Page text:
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Tictail, the ‘Tumblr of ecommerce’

on November 5 | in Blog, E-commerce, Featured, Stores | by | with No Comments

Swedish ecommerce platform Tictail is eyeing opening bricks and mortar shops next year.

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Carl Waldekranz, chief executive and co-founder of Tictail, which allows businesses to launch an online shop “within minutes”, told Retail Week the firm wants to boost awareness of the brand.

“My aim is to have permanent stores in cities such as London, New York, and Stockholm,” said Waldekranz.

Tictail will open a Christmas pop up shop on the Lower East Side of Manhattan in the coming weeks. It will be Tictail’s first physical presence and will sell products from 200 of the 60,000 brands on its platform.

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Waldekranz said Tictail has “a lot of work to do” to boost its brand recognition among consumers.  “We can do so much more to be that retail force,” he said.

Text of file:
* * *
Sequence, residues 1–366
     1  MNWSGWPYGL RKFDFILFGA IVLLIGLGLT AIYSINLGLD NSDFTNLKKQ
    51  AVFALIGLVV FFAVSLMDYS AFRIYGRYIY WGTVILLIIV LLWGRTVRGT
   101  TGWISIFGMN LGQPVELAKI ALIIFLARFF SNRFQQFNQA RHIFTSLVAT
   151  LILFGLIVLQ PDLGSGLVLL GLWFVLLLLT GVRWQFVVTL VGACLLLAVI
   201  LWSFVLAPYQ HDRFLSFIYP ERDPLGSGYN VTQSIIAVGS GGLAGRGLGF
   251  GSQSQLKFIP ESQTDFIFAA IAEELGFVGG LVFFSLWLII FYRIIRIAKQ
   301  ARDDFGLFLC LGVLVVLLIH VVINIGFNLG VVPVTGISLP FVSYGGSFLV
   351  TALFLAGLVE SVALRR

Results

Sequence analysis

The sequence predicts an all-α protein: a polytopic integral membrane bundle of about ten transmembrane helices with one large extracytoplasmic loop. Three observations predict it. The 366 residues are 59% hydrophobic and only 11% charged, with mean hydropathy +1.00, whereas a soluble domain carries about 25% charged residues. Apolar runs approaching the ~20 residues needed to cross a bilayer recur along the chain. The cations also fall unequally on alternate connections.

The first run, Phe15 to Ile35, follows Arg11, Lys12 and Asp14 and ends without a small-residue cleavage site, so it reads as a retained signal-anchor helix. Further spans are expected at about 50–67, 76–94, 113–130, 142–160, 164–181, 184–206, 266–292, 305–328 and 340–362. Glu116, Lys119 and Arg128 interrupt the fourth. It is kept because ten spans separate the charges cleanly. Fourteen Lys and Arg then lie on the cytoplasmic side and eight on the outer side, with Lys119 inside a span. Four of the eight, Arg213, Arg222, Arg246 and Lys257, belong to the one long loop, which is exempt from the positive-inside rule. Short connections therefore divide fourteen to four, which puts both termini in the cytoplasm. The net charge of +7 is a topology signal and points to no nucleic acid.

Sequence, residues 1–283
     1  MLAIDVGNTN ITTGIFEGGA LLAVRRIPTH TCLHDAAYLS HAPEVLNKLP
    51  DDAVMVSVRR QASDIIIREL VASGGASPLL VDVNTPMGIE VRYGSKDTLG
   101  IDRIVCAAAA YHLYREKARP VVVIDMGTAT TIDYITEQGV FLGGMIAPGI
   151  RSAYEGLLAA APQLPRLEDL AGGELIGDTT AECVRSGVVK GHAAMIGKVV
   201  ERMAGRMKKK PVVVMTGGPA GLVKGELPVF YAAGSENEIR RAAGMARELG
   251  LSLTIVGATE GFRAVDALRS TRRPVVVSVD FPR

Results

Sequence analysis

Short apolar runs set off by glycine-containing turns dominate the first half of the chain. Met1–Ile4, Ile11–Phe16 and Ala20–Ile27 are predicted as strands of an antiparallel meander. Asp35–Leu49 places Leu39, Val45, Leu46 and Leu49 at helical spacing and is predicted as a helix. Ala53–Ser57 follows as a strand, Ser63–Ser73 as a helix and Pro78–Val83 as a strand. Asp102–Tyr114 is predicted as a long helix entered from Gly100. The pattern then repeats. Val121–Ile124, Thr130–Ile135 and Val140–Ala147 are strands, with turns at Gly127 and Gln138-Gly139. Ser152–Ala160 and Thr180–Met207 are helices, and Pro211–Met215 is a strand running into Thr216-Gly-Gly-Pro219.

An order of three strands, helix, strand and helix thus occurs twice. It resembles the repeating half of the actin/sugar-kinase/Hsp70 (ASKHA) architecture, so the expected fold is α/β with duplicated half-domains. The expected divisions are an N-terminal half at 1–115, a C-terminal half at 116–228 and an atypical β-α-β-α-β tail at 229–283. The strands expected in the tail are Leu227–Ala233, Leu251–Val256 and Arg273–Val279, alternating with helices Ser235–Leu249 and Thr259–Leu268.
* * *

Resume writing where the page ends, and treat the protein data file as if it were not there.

Dubbed ‘the Tumblr of e-commerce’ by Wired Magazine in 2012, Tictail targets small to medium sized brands that want to launch online without setting up their own platform.  It was launched in 2011 and is backed by ecomm investor giants including Balderton Capital, which also backs Achica and The Hut in the UK.

Tictail sells brands across 140 countries with a focus on the UK, US, France, Germany and Sweden.

Large brands including H&M have also used the platform and Waldekranz said Tictail is looking at bringing more big retailers on board.

H&M used Tictail to launch its Sneak Peak online pop up shop for its Cheap Monday brand in 2012. The retailer offered new season lines before they hit the shops to its Facebook fans. German airline Lufthansa has also used Tictail.

Tictail has also launched an app to meet changing shopping habits; more than 50% of its traffic comes from mobiles. The app enables users to shop 1.5 million products in one destination, and can curate products across the 60,000 brands into shops, such as Christmas.

Waldekranz  likened Tictail to “your favourite shopping neighborhood”.

The platform also offers brands the chance to take advantage of large scale buying power for costs including shipping.  “Small businesses are in no position to negotiate with them [shipping companies],” he said. “We do it on behalf of 60,000 brands.”

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